HIV and AIDS

HIV is the virus that can lead to AIDS. HIV attacks the immune system, reducing bodily immunities and the ability to fight diseases and infections. While there is no cure for HIV, people with HIV can lead full, long lives thanks to major advances in treatment and care.

Annual Report 2016-2017

Whether it’s been campaigning for universal cost coverage of medical abortion, launching a cutting-edge resource for teaching sexuality education in schools, securing a major investment in global SRHR from the government Canada, offering thousands of people the health information they are looking for, or supporting sexual and reproductive rights defenders around the world to hold their governments accountable, we’ve been working tirelessly to advance sexual and reproductive health and rights in Canada and globally.

Read our Annual Report to learn about the significant strides we made in 2016-2017 »

Having trouble reading the report? Click here to download in PDF

[WEBINAR] Reproductive Health, Rights and Justice

The Canadian Webinar Series on Sexual and Reproductive Health and Rights would like to invite you the third of a multi-phase series of webinars focused on key aspects regarding the sexual and reproductive health and rights of women living with HIV in Canada:

Reproductive Health, Rights, and Justice:

Canadian Webinar Series on Implementing the WHO Consolidated Guideline on Sexual and Reproductive Health and Rights of Women Living with HIV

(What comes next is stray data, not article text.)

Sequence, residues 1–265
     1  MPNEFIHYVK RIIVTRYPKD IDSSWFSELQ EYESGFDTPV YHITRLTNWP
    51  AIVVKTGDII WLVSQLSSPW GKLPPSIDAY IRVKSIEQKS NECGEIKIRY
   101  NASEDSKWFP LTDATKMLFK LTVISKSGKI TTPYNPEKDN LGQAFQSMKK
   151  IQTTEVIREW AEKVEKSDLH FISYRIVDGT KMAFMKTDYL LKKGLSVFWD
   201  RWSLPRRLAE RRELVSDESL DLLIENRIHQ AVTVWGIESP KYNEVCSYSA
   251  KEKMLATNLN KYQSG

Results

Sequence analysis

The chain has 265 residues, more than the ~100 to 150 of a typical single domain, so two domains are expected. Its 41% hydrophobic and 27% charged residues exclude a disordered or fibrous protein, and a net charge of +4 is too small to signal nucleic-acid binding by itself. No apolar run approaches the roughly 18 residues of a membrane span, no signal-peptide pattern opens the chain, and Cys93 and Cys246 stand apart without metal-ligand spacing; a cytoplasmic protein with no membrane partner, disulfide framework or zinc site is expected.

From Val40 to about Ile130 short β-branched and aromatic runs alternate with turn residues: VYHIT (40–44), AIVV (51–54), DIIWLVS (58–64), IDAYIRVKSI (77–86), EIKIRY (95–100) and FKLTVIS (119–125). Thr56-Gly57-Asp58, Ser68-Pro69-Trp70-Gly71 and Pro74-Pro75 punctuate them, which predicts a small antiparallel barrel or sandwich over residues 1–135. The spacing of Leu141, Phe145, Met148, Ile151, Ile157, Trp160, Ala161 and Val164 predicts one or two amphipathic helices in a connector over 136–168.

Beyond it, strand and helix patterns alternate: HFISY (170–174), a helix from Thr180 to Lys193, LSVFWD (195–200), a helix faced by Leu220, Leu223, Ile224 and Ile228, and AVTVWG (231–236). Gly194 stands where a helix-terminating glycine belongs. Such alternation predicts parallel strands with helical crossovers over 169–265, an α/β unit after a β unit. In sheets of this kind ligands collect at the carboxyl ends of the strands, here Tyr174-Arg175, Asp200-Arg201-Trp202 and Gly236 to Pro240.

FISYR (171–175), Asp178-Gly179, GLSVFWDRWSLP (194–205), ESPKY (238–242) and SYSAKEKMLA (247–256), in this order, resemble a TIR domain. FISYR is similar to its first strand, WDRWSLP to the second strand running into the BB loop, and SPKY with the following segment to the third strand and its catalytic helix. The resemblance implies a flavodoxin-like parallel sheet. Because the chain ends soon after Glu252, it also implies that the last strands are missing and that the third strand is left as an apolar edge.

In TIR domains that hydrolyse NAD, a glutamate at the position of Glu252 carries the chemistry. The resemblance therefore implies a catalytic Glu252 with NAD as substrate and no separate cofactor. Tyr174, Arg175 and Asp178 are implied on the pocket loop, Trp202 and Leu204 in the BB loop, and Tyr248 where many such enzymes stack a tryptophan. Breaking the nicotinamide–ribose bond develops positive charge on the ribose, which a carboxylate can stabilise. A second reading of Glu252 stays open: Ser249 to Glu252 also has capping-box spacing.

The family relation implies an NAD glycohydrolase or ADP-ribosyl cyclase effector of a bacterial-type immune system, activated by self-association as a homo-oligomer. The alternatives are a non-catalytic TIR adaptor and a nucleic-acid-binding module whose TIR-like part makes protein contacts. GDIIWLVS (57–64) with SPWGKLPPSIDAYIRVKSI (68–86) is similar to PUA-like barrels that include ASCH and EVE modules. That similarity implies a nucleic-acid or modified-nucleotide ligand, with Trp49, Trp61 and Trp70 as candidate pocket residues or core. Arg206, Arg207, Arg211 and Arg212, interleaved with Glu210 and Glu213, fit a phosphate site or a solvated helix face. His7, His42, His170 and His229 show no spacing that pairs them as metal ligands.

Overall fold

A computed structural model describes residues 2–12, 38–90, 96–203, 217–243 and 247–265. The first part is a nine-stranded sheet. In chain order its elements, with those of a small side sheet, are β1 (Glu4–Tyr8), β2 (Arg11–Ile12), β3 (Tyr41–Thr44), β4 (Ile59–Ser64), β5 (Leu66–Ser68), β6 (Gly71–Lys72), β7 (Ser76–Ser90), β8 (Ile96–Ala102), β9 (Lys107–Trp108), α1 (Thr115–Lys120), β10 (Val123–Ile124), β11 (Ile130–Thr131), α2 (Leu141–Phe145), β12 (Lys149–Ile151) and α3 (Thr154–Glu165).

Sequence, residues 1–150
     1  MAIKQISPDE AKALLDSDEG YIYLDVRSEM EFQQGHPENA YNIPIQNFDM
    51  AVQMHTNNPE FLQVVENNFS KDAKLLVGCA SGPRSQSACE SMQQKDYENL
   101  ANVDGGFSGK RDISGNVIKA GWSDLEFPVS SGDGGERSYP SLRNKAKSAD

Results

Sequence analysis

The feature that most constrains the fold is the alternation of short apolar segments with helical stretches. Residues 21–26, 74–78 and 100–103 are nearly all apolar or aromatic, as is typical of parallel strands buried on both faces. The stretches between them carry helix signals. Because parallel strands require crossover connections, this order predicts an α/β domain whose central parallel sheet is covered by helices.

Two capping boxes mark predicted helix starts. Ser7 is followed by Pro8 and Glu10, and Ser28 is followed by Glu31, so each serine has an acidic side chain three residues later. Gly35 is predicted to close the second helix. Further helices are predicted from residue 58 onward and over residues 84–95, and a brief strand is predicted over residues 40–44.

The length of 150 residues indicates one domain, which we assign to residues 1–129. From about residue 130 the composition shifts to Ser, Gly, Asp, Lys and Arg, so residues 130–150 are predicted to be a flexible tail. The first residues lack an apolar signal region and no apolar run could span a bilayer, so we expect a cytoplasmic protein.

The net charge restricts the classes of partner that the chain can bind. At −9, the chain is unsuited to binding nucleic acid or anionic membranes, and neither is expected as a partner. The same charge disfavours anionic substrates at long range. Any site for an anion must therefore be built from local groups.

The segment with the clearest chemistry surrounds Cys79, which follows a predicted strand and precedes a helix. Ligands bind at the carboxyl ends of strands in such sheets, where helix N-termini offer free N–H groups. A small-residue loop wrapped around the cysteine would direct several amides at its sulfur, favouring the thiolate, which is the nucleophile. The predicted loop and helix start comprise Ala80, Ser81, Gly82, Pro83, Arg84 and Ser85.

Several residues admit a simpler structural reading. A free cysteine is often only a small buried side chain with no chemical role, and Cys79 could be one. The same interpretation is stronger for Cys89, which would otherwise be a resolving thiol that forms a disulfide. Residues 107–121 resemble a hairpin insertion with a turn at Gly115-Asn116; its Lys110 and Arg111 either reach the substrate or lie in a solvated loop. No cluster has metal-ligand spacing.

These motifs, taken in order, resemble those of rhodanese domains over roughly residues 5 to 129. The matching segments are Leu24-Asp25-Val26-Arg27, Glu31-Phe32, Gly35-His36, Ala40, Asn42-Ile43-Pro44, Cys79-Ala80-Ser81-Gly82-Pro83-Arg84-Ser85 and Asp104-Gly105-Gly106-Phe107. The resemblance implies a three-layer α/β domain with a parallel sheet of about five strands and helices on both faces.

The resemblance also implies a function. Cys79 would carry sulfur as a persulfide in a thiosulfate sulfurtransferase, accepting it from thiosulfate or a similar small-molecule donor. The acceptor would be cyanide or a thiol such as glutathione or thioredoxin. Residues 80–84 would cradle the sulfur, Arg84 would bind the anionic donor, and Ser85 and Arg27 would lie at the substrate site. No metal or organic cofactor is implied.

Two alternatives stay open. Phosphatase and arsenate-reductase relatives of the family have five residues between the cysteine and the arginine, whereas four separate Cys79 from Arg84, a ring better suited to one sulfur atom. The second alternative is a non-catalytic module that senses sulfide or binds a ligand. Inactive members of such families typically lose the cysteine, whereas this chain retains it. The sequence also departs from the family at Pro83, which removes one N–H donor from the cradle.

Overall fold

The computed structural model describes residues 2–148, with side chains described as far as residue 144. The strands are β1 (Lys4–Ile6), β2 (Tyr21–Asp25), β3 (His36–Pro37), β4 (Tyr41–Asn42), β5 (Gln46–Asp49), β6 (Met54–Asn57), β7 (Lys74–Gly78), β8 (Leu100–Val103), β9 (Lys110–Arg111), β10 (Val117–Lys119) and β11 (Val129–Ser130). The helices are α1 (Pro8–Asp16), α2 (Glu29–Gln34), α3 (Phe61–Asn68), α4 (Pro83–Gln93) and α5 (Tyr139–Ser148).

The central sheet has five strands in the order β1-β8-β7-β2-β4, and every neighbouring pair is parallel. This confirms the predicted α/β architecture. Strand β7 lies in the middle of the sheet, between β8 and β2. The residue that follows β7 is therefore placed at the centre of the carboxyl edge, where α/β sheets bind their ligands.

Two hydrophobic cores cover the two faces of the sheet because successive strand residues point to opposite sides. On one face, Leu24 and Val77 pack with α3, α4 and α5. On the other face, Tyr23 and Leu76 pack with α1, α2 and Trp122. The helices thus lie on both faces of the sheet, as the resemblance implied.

Register here: https://attendee.gotowebinar.com/register/5499989545982862594

Webinar ID: 958-488-283

Action Canada Joins Canadian Coalition to Reform HIV Criminalization

Action Canada for Sexual Health and Rights is proud to be among the 150+ organizations  calling for an end to unjust HIV criminalization in Canada.

Learn more about the Canadian Coalition to Reform HIV Criminalization and read the Community Consensus Statement by visiting the coalition website: www.hivcriminalization.ca

Get Your Copy of Beyond the Basics Today!

Beyond the Basics is a resource for educators that offers the tools to teach young people about sexuality and sexual health from a sex positive, human rights perspective. Covering topics that range from anatomy to consent and healthy relationships, Beyond the Basics approaches sexuality education across all gender identities and sexual orientations with activities that help move students from receiving information to making decisions based on critical thinking skills and empowerment. Recognizing the time pressures educators face, Beyond the Basics is written to easily move in and out of chapters, modules, and activities that suit the particular age, maturity, and trust in each classroom.

Click here to purchase today!

Action Canada Stands in Support of Pop-Up Overdose Prevention Sites

All people deserve access to the health services they need. It is the responsibility of governments (at all levels), health care providers, social service providers, and civil society to work together to ensure the health and safety of all people and communities, including people who use drugs.

The opioid crisis and the overdose epidemic we are currently facing in Canada are symptoms of marginalization, lack of access to appropriate services, and lack of political will due to stigma and discrimination. People who use drugs are dying because of a lack of access to health care and support. Among other concerns, the stigma drug users face fuels HIV transmission by slowing down critical responses to public health issues.

What is happening in Canada is a public health emergency. The right to health requires services that are tailored to meet the health needs of different groups of rights-holders within a population. People who use drugs are one of those groups whose specific needs must be addressed. Multiple forms of systemic discrimination make it harder for drug users to gain access to health care. When and where health care is available, it is often stigmatized and its quality often compromised.